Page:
We sat in silence for a moment and then Michael regained his composure. “I promised myself, that day in the principal’s office, that if I got away with this I would never lie again.”
And there, in front of him, was Michael’s leadership gap.
Telling the truth became such a strong mantra for Michael that it was getting in the way of his ability to connect with people. But most of all, the way he prioritized truth above all else created gaps between himself and others. This insight was completely counterintuitive to him.
Michael was so afraid of anyone discovering his indiscretion that he avoided getting close to people. Meanwhile, people disliked him and would lie about his positive effect on them, which created a destructive, vicious cycle.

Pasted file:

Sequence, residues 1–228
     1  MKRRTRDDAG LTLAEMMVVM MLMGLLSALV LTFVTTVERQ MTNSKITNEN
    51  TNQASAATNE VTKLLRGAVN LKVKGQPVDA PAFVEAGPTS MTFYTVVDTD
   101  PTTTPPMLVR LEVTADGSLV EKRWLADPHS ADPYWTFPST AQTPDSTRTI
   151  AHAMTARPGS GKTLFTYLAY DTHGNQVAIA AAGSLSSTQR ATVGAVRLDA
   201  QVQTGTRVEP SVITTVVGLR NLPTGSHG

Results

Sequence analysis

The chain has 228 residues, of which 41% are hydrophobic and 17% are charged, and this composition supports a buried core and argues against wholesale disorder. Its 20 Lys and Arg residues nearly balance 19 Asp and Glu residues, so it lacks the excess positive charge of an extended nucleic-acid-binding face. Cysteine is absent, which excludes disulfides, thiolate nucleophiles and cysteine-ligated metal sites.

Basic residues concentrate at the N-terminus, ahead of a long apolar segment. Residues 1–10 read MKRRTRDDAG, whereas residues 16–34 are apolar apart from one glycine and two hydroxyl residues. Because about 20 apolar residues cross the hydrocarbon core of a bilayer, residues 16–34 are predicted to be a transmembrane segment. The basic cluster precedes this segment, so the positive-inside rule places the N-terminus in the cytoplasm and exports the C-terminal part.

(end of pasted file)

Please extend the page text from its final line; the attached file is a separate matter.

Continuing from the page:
An executive can value the truth and still be an excellent leader; employees respect managers who can tell them the truth. Here are a few ways a leader can work on becoming an effective Truth-Teller:
Communicate everything— don’t hold back
Unless there is a specific, honest reason for not sharing information, employees should be told everything of importance to them. Managers who keep saying they have a culture of candor but aren’t truly transparent will demolish trust and create suspicion in their organization.
Create a culture of candor and solutions
Instead of blaming your employees when things go wrong, look for solutions. People should feel free to make mistakes, because it is a normal part of a person’s growth and development, and it will also prevent them from lying to cover up mistakes in the future.